Famous writers use foreshadowing as a way to misdirect readers, confuse anyone who has prematurely judged a character or as a way to leave behind a series of clues. In Hansel and Gretel, the Grimm Brothers use a trail of bread crumbs. However, throughout the four Gospels, Jesus drops subtle hints. Unfortunately, the disciples developed an ungodly belief, thinking that Jesus would become the earthly King of the Jews. Subsequently, no one knew what Jesus meant by “before I suffer.”
And they went and found it [just] as He had said to them; and they made ready the Passover [supper]. 14 And when the hour came, [Jesus] reclined at table, and the apostles with Him. 15 And He said to them, I have earnestly and intensely desired to eat this Passover with you before I suffer; Luke 22:13-15.
Human nature has a tendency to compare your own life to someone else. Hollywood has a series of scenes where two characters compare their scars starting with subtle ones before escalating to the most severe. Yet, suffering is often in the eye of the beholder. If you’ve lived a sheltered life without many trials or tribulations, it’s hard to comprehend the life of an orphan. In the case of Jesus, he waited 33 years before laying down his life. Yet, his disciples didn’t understand what was about to happen.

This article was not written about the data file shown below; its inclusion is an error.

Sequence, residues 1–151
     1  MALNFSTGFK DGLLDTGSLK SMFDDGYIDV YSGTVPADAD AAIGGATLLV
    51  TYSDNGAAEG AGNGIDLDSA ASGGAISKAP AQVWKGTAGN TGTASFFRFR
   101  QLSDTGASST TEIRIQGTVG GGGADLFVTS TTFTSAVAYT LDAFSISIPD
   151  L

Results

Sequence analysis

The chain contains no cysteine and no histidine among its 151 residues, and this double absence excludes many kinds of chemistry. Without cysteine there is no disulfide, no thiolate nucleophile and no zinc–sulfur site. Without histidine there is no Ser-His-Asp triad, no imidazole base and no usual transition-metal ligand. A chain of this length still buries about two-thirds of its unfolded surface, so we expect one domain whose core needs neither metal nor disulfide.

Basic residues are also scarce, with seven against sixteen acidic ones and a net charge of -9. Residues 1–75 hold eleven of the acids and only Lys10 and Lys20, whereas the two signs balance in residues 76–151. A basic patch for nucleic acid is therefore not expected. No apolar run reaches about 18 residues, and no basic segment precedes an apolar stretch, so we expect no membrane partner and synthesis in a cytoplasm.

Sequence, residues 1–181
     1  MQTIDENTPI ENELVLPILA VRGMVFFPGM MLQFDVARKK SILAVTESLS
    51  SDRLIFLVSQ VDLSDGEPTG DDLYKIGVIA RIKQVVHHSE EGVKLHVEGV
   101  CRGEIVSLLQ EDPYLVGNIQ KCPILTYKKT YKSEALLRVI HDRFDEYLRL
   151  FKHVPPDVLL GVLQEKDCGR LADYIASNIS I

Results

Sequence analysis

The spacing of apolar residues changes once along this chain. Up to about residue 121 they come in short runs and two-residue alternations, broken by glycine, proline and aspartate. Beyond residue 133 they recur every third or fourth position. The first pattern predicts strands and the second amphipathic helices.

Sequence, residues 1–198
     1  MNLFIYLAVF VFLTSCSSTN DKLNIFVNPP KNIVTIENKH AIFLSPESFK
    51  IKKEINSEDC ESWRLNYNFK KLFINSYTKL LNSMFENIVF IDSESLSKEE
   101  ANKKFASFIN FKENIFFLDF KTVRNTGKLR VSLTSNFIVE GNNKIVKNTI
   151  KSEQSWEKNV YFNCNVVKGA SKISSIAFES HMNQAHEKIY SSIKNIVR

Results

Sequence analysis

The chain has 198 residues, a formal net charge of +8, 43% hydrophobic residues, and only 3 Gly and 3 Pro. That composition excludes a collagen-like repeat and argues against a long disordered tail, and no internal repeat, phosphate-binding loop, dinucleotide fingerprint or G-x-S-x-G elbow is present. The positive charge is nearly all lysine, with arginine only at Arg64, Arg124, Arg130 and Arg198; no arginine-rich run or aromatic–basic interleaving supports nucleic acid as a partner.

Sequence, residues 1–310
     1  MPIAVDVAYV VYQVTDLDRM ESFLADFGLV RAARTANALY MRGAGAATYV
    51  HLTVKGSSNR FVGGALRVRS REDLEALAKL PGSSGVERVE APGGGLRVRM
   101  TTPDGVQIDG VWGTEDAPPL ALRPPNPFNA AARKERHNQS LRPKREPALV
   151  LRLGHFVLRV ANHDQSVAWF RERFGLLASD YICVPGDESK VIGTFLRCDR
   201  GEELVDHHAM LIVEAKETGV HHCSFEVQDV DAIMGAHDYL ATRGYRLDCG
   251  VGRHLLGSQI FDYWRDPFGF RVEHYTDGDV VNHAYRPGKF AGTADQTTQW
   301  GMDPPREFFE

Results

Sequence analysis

And to keep me from being puffed up and too much elated by the exceeding greatness (preeminence) of these revelations, there was given me a thorn ([a]a splinter) in the flesh, a messenger of Satan, to rack and buffet and harass me, to keep me from being excessively exalted.8 Three times I called upon the Lord and besought [Him] about this and begged that it might depart from me; 2 Corinthians 12:6-7.
At the conclusion of a letter to the Church at Corinth, the apostle Paul pours out his heart about his own suffering. Whether this suffering was physical, spiritual or a combination of the two, Paul reached a point in his life where he began to accept this condition. As religious leaders attempted to kill and stone Paul on numerous occasions, he began to see a silver lining. Whether you’re in the beginning, middle or end of suffering, this experience has been allowed to occur so that in your weakness, placing your entire trust in Jesus will make you stronger than ever before.
by Jay Mankus